China is currently flying Shenzhou spacecraft that are similar in appearance and size to the Russian Soyuz transport. The Shenzhou is capable of carrying three crew members.

The report indicates that a feasibility study has been conducted. However, it does not appear as if a program has been approved and funded.

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China to Launch Second Space Station Next Year; Moon Plans Remain Uncertain http://www.parabolicarc.com/2015/03/09/china-space-update/ http://www.parabolicarc.com/2015/03/09/china-space-update/#comments Mon, 09 Mar 2015 13:15:00 +0000 http://www.parabolicarc.com/?p=54814 Model of the Tiangong-2 space station
Model of the Tiangong-2 space station

China plans to launch a larger space station next year that will have the capability of being resupplied by robotic cargo ships.

The Tianzhou-1, which literally means “heavenly vessel”, will carry propellants, living necessities for astronauts, research facilities and repair equipment to China’s second orbiting space lab Tiangong-2, said Zhou Jianping, chief engineer of China’s manned space program.

Cargo transportation system is a key technology China must master and make breakthroughs to build its own space station, said Zhou who is also a member of the National Committee of the Chinese People’s Political Consultative Conference, the country’s top political advisory body….

According to Zhou, Tianzhou-1 will be blasted off on top of a next-generation Long March-7 rocket, possibly from a new launch site in the southern Hainan Province.

Research on the Long March-5 carrier rocket – to be used to lift the Tiangong-2 lab into space – Tiangong-2’s payload, and selection of astronauts for the mission are currently “progressing in an orderly manner,” Zhou said.

Tiangong-2 will be larger than its predecessor and will resemble the Salyut space station first flown by the Soviet Union in the 1970’s. It will have docking ports on both ends.

Meanwhile, Zhou says that while China has no plans to send astronauts to the moon for the time being.

“With China’s current technologies of manned space flight and moon probe, we have the technology basis to realize the manned lunar mission,” said Zhou Jianping, chief designer of China’s manned space program.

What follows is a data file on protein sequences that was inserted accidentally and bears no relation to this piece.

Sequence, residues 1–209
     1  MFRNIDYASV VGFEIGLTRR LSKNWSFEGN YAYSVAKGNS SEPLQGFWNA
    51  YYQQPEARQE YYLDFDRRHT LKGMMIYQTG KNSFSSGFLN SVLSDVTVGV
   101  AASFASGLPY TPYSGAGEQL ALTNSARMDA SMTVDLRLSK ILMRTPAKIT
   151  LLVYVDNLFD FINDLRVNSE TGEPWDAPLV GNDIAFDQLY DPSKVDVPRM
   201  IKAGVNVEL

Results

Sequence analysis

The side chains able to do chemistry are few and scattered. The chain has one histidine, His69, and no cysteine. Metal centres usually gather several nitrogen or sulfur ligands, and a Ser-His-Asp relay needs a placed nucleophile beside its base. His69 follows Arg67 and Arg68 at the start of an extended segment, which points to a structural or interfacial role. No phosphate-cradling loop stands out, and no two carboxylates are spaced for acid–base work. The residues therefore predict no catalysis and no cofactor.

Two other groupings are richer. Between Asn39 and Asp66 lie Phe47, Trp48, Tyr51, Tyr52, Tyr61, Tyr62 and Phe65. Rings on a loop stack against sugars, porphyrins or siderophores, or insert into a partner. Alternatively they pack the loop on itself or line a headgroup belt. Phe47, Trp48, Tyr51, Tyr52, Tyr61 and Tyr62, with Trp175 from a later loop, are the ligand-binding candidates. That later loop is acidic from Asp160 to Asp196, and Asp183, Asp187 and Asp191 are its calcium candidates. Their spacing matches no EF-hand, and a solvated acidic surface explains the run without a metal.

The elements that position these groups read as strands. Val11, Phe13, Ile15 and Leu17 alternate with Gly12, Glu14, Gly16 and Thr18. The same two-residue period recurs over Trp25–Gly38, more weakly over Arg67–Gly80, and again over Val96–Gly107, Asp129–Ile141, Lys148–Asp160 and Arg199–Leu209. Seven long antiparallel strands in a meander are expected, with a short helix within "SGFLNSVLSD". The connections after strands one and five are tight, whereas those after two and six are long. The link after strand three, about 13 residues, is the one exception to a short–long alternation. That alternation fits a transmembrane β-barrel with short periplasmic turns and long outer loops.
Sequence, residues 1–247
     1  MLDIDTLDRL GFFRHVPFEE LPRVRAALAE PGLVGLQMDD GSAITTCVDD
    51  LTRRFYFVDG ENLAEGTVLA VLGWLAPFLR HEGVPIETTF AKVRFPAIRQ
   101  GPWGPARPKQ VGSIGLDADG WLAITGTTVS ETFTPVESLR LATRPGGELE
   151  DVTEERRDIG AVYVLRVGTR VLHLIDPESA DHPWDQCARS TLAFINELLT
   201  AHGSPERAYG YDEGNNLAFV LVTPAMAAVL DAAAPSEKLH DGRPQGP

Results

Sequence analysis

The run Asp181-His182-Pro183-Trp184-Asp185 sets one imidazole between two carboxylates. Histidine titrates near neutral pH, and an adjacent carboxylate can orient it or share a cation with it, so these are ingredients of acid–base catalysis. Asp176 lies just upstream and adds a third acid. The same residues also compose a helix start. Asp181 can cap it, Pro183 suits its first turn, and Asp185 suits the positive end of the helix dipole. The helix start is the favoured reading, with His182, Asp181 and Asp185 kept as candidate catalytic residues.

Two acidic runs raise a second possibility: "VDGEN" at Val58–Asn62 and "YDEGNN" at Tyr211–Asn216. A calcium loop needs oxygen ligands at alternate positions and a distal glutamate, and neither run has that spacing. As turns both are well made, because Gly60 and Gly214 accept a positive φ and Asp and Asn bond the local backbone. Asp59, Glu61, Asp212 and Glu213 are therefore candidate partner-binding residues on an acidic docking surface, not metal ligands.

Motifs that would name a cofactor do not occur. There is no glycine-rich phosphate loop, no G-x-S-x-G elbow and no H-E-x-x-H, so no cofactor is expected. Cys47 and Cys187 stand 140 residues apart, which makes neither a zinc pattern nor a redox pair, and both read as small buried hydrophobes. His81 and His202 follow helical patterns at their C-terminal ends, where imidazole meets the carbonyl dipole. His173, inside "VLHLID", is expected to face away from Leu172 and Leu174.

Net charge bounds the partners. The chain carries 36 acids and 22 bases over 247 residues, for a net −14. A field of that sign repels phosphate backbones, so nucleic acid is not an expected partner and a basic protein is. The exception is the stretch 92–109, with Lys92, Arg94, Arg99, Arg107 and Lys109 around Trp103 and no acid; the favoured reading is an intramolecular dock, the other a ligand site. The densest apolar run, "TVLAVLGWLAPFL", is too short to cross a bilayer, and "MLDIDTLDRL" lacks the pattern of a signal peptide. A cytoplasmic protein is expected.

Zhou…said that challenges and a lot of preparation precede the realization of the manned lunar mission.

For example, it requires the research and development of a bigger carrier rocket and the bigger and more sophisticated manned spacecraft, he added.

 

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China Outlines Space Station, Moon and Mars Plans http://www.parabolicarc.com/2014/12/07/china-outlines-space-station-moon-mars-plans/ http://www.parabolicarc.com/2014/12/07/china-outlines-space-station-moon-mars-plans/#comments Sun, 07 Dec 2014 22:23:46 +0000 http://www.parabolicarc.com/?p=54116 The crew of Shenzhou-10 after 15 days in space. (Credit: CNSA)
The crew of Shenzhou-10 after 15 days in space. (Credit: CNSA)

Lei Fanpei, chairman of the China Aerospace Science and Technology Corporation (CASC), have given journalists an outline of the China’s plans for it space program over the next 15 years:

China hopes to put a rover on Mars around 2020, complete a manned space station around 2022 and test a heavy carrier rocket around 2030, a top space scientist revealed Sunday.

A feasibility study on the country’s first Mars mission is completed and the goal is now to send an orbiter and rover to Mars….

The Tiangong-2 space lab will be launched around 2016 along with the Shenzhou-11 spacecraft and Tianzhou-1 cargo ship. Around 2018, a core experimental module for the station will be put in place.

By around 2022, China’s first orbiting space station should be completed. It will consist of three parts — a core module attached to two labs, each weighing about 20 tonnes.

A powerful carrier rocket is essential for a manned moon landing.

The rocket is envisaged as having a payload capacity of 130 tonnes to low Earth orbit. Once in service, it will help with missions between 2030 and 2050, and secure China’s position in terms of space exploration and technology.